To be very honest, I used to hesitate posting my articles or broadcast them on social media because I wasn’t confident of them. I doubted my writing skills and there were many moments of me hovering over the “post” button. But a wise friend told me to:
“JUST DO IT. You are not going to learn anything if you write and not show it to people.”
That, hit me hard.
#2: Personal Problems
When you are going through something personal such as a break up, divorce or death, it causes you to lose focus on whatever you are working on. Creativity demands focus. There is no easy way to concentrate when you are going through personal problems.
The best way to overcome creative blocks due to personal problems is to either solve it or find ways to cope with it. If you choose the first option, you may want to seek help from family and friends, or even take time away from all creative work it it helps.
If you choose to latter, you could try to focus your energy somewhere else that doesn’t require as much creativity. Perhaps spending a few hours outdoors, soaking up the Vitamin D could help. On some occasions, people turn to their creative work as refuge.
But you do you! Find the best way that can help you with your personal problems and do not shy away from professional help if needed.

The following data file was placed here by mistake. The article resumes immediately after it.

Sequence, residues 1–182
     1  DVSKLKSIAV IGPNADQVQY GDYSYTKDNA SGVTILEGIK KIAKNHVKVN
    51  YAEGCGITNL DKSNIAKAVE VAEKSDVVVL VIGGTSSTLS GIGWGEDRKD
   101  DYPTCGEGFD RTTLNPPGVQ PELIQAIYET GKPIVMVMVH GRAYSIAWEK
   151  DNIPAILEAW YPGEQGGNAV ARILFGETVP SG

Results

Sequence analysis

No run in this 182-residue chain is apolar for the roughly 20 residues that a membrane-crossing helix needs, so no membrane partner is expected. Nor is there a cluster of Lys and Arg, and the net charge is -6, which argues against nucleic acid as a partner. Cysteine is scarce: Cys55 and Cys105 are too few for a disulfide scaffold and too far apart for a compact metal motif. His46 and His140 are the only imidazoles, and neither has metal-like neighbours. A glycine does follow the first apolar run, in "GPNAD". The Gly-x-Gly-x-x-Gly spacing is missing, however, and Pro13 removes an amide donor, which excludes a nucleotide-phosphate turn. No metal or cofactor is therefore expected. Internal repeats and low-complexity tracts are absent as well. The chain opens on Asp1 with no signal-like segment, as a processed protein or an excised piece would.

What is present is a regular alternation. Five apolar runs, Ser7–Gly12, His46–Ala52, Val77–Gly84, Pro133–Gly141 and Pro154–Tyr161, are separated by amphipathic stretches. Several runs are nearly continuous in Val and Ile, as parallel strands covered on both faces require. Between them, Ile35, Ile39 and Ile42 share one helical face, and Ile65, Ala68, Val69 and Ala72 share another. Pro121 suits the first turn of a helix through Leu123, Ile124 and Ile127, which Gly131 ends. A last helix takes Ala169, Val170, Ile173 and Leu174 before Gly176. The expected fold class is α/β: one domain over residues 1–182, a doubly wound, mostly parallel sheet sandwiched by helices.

#3: All Creative Energy Have Been Used Up
Creative work can be extremely draining especially when it takes you a long time to complete it. In that period of time, all your creative energy is channeled to your work. Perhaps a few late nights, some mental breakdowns in between or a little adrenaline rush towards the end of the project.
After you deliver the final product, your body succumbs to the sleep and rest you’ve been putting on hold.
That was me!
Looking back to those 3 weeks, I can confidently say that this was the reason for my creative block. Before finding myself on a downward spiral, I was managing a client’s project while working on 2 creative assignments for school.
By the time I was done with all the work, I was extremely exhausted, mentally. Because I’ve dedicated ALL my energy towards the 3 deadlines.
Give yourself time to recover. The more you push yourself, the more you find that you’re unable to produce anything under the immense pressure.